The killer of IPO, the new fintech revolution, the path to decentralization – all of these were the nicknames of ICO. But, what is an ICO? The initial coin offering (ICO) is a financial mechanism for a company to raise new capital. Usually, the reason for that event is to fund new services or business opportunities. Sometimes is to provide an alternative for financing early-stage digital innovations through crypto-assets.

Failure of ICO

Unfortunately, an initial coin offering is not always successful in attracting enough traction and investment. According to official research, around 800 cryptocurrencies are declared dead since 2018. It is a considerable decline in trust in ICO. 

Some examples of initial coin offering failures;

  • Swiss coin: Swisscoin was designed for a broad audience and the needs of small investors and traders. Using Swisscoin was to build up a payment system in which soon over a billion people will participate. However, it failed, and there is no traction for the last three years.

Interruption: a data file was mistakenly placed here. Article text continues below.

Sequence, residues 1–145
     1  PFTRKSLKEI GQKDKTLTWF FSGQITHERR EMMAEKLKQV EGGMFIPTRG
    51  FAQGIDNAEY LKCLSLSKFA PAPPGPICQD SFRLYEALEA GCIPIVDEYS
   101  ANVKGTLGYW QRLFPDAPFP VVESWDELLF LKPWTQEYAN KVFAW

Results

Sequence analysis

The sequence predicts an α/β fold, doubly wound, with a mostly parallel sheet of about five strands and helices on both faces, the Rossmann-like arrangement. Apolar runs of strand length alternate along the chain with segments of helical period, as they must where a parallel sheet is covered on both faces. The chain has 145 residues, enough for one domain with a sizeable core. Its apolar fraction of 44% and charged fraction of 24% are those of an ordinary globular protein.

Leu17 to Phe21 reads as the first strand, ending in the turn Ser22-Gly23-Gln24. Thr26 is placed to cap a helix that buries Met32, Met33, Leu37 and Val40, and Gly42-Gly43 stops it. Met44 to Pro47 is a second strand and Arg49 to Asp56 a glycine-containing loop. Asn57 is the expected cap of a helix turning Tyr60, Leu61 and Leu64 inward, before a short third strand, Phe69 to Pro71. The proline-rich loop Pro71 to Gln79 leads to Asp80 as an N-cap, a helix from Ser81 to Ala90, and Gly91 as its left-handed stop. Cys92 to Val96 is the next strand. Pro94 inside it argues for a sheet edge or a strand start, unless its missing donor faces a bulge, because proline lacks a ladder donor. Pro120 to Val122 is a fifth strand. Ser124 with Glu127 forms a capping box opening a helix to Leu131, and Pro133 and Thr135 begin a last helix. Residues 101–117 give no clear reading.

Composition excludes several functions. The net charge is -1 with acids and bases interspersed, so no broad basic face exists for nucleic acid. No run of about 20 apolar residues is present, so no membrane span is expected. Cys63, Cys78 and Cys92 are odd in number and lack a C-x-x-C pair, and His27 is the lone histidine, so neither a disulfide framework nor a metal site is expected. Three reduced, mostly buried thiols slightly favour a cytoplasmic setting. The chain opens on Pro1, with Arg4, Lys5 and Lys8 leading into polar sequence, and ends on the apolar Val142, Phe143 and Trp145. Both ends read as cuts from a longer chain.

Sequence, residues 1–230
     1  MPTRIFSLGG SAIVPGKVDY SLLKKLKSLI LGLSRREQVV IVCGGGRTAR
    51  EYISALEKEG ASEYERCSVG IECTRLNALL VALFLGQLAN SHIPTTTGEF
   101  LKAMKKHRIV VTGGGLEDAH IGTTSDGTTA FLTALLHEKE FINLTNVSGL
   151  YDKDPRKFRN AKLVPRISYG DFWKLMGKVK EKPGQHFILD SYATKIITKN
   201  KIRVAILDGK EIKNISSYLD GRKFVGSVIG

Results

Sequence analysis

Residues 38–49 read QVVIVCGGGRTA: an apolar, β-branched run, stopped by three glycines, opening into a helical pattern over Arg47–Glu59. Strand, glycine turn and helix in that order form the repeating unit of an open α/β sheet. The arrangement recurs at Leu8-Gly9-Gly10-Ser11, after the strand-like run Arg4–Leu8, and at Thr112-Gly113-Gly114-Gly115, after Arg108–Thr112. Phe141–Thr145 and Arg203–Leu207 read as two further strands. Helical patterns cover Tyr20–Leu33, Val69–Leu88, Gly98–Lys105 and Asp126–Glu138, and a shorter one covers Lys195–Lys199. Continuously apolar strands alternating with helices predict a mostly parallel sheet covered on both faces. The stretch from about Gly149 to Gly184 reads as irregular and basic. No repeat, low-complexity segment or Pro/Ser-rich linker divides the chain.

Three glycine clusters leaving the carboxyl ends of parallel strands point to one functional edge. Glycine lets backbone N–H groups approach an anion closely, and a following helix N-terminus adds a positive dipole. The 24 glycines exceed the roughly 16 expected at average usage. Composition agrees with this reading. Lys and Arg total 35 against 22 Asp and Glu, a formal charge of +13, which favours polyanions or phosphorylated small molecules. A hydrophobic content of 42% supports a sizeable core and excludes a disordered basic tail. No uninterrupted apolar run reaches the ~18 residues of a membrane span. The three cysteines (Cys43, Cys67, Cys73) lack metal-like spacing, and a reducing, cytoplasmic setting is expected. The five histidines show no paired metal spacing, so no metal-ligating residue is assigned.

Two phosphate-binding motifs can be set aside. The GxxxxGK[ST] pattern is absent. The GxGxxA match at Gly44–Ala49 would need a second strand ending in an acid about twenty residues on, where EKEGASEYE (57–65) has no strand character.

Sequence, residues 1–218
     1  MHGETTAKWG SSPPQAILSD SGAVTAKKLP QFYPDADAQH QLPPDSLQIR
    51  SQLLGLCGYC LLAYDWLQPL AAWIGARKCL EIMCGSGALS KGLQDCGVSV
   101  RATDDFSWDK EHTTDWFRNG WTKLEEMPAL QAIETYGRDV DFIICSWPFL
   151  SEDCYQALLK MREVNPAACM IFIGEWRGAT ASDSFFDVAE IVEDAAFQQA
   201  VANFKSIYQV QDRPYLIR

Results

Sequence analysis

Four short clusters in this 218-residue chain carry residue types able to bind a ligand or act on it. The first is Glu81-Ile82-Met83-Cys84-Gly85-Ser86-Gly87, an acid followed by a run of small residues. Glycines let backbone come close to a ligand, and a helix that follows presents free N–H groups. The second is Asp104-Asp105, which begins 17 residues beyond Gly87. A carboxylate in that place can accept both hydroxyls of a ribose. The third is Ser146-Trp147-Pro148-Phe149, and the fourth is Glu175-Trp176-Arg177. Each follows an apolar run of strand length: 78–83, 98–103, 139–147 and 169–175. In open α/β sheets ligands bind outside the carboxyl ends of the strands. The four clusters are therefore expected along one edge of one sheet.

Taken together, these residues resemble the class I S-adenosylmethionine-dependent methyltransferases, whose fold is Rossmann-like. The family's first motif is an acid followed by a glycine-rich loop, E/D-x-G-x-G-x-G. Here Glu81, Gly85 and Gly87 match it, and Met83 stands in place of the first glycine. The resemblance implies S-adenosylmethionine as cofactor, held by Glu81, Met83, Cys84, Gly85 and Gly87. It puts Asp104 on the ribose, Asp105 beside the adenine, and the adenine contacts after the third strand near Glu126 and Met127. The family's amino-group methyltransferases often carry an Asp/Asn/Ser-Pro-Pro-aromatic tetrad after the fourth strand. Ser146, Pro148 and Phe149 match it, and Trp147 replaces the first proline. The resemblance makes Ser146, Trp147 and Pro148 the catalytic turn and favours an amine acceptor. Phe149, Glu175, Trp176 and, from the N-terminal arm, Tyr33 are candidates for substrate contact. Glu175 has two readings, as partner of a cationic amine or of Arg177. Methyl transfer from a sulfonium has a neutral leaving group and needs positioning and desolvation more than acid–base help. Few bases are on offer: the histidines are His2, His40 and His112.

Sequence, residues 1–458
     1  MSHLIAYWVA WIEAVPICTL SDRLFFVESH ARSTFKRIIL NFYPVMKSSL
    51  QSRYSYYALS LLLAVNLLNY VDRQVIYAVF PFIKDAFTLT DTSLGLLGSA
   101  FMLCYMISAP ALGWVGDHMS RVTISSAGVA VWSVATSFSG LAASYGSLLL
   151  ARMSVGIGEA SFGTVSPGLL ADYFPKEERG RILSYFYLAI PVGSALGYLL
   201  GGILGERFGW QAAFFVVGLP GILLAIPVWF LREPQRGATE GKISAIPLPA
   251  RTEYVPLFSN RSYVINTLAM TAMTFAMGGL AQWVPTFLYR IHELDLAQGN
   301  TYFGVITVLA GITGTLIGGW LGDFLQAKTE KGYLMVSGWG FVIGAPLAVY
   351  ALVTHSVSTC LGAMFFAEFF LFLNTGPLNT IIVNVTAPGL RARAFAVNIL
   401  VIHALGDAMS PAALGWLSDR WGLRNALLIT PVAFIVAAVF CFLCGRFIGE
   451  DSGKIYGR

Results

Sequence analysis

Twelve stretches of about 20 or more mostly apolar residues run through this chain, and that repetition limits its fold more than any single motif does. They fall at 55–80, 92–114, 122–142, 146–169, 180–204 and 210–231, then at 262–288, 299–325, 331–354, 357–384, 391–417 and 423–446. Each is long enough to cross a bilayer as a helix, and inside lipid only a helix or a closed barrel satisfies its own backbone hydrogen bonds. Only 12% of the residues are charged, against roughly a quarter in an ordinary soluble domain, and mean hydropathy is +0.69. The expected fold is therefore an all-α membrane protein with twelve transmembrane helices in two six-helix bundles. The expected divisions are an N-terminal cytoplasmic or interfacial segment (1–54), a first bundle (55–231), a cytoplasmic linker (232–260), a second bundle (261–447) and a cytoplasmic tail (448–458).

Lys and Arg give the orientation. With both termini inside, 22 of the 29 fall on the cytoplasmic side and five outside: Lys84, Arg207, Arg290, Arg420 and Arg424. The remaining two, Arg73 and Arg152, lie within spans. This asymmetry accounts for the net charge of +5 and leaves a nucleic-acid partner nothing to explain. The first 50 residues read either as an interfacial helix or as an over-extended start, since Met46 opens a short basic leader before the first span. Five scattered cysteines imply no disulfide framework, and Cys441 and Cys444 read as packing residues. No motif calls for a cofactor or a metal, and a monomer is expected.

• Enigma: Enigma is a decentralized data marketplace protocol and cryptocurrency created by a team of Massachusetts Institute of Technology graduates and researchers and incubated at MIT Media Lab. The Enigma protocol is a second-layer, off-chain network that aims to solve scalability and privacy issues on the blockchain. However, they got hacked.
  • The DAO:  The DAO was a decentralized autonomous organization (DAO) launched in 2016 on the Ethereum blockchain. After raising $150 million worth of ether (ETH) through a token sale, The DAO was hacked due to vulnerabilities in its codebase. The Ethereum blockchain was eventually hard forked to restore the stolen funds. However, not all parties agreed with this decision, which resulted in the network splitting into two distinct blockchains: Ethereum and Ethereum Classic.